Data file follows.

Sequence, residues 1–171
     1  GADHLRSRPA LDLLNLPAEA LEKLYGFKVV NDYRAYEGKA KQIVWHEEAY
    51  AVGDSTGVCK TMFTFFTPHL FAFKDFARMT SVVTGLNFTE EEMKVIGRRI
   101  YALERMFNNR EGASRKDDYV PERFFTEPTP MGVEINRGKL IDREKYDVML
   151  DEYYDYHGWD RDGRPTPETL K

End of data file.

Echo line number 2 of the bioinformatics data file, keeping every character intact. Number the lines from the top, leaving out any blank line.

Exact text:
     1  GADHLRSRPA LDLLNLPAEA LEKLYGFKVV NDYRAYEGKA KQIVWHEEAY